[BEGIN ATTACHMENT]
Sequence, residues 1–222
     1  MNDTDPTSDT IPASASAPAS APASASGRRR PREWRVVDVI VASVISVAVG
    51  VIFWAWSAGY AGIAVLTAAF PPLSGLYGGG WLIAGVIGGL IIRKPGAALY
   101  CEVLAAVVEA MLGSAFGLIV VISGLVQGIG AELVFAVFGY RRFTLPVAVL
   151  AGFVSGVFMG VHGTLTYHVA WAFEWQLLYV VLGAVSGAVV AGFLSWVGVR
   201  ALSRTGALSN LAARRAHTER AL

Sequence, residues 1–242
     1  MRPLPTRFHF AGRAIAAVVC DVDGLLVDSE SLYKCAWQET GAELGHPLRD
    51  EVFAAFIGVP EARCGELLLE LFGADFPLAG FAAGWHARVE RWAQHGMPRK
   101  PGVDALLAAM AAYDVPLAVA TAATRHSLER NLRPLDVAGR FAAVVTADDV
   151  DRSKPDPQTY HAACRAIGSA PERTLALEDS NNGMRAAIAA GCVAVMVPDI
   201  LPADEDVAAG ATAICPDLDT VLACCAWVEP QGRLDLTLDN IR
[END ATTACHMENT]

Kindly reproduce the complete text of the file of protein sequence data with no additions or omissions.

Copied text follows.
Sequence, residues 1–222
     1  MNDTDPTSDT IPASASAPAS APASASGRRR PREWRVVDVI VASVISVAVG
    51  VIFWAWSAGY AGIAVLTAAF PPLSGLYGGG WLIAGVIGGL IIRKPGAALY
   101  CEVLAAVVEA MLGSAFGLIV VISGLVQGIG AELVFAVFGY RRFTLPVAVL
   151  AGFVSGVFMG VHGTLTYHVA WAFEWQLLYV VLGAVSGAVV AGFLSWVGVR
   201  ALSRTGALSN LAARRAHTER AL

Sequence, residues 1–242
     1  MRPLPTRFHF AGRAIAAVVC DVDGLLVDSE SLYKCAWQET GAELGHPLRD
    51  EVFAAFIGVP EARCGELLLE LFGADFPLAG FAAGWHARVE RWAQHGMPRK
   101  PGVDALLAAM AAYDVPLAVA TAATRHSLER NLRPLDVAGR FAAVVTADDV
   151  DRSKPDPQTY HAACRAIGSA PERTLALEDS NNGMRAAIAA GCVAVMVPDI
   201  LPADEDVAAG ATAICPDLDT VLACCAWVEP QGRLDLTLDN IR